Serving Web Services Behind CGNAT with Cloudflare Tunnel

With all the issues I was having with my old ISP, I decided to make the leap and move onto Optus 5G Home Internet.

My experience so far has been pretty stellar and I'm currently paying the same amount as I was with my previous provider for quicker speeds. The result below is regularly achievable even during peak hours and factors like rain don't seem to influence speeds too much. Result

CGNAT Struggles

The only downside thus far of moving onto Optus 5G has been having to work around CGNAT.

For those who aren't aware, ISPs use CGNAT to stretch a limited pool of public IP addresses and it means you don't get a publicly routable IP address. This means you can only make outbound connections which is a problem for me because you need to get to this blog that's hosted on this connection.

Looking at the ISP provided router we see I've been allocated a WAN IP of

Allocated WAN IP on my Nokia Fastmile

Side note: Mildly interesting that they didn't bother using the RFC CGNAT range of

The Options

A quick Google for solutions showed two popular options:

  1. Setup a VPS and port forward with SSH/OpenVPN+iptables
  2. ngrok

Both are feasible, however the VPS solution is a bit clunky and ngrok incurs a minor cost (to use custom domains) for what would be a limited use service.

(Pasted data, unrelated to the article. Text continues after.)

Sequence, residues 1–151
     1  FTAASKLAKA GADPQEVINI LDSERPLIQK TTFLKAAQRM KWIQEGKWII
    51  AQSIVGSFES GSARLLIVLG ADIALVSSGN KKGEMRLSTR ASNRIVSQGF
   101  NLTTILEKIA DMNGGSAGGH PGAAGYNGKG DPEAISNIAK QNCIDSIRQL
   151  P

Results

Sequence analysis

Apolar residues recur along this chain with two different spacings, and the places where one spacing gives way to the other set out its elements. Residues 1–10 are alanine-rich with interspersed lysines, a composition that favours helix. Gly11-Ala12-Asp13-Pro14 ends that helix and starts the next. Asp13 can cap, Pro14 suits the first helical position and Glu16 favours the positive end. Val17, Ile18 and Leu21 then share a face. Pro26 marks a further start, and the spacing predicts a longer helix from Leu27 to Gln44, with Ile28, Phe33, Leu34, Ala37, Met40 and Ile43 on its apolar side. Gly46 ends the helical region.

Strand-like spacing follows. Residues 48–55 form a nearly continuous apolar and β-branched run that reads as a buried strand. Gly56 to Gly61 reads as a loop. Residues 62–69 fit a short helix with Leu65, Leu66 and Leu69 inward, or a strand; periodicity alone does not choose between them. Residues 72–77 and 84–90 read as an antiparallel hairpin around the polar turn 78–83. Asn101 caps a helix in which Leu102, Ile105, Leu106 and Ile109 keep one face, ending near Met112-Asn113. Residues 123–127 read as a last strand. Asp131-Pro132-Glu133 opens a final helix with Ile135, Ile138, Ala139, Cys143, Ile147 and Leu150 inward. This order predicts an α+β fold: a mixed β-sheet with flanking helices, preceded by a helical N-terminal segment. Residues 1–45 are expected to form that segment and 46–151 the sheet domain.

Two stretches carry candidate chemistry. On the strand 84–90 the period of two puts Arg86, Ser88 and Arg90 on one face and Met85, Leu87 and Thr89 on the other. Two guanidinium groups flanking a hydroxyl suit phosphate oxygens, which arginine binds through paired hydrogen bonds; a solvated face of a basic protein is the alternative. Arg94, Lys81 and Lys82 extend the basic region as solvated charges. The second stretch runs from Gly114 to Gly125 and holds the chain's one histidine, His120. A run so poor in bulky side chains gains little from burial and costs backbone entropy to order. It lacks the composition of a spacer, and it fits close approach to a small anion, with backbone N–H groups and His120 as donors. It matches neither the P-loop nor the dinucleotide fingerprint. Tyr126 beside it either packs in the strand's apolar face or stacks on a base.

The Solution I Found

Introducing Cloudflare Tunnel (previously Cloudflare Argo). Cloudflare Tunnel works similarly to ngrok and as of April 2021 it's free!

Functionally, it works in a similar way to ngrok. An outbound connection is made towards Cloudflare and inbound traffic is tunneled to your network over this established session. Cloudflare even takes care of SSL termination and certificate management.

Setup is pretty straight forward and the only caveat is that your DNS needs to be hosted with Cloudflare which was already the case for me.

  1. Download and install cloudflared somewhere. I opted to build a seperate VM to serve this purpose.
    dpkg -i cloudflared-stable-linux-amd64.deb
  2. Follow the steps to login to your Cloudflare account.
    cloudflared tunnel login
  3. Create a tunnel, note I'm using a single tunnel to serve multiple hostnames/services.
    cloudflared tunnel create argo
  4. Setup cloudflared to run as a service.
    cloudflared service install
    systemctl start cloudflared
    systemctl enable cloudflared
  5. Create a config file that references the tunnel ID and credentials file from the step 3.
    root@proxy:/etc/cloudflared# cat config.yml
    tunnel: tunnel-ID
    credentials-file: /root/.cloudflared/tunnel-ID.json
      - hostname:
      service: http://internal.ip:80 
      - hostname:
      service: hhtp://other.internal.ip:80
      - service: http_status:404
  6. Create CNAME records in Cloudflare to point to
  7. That's it!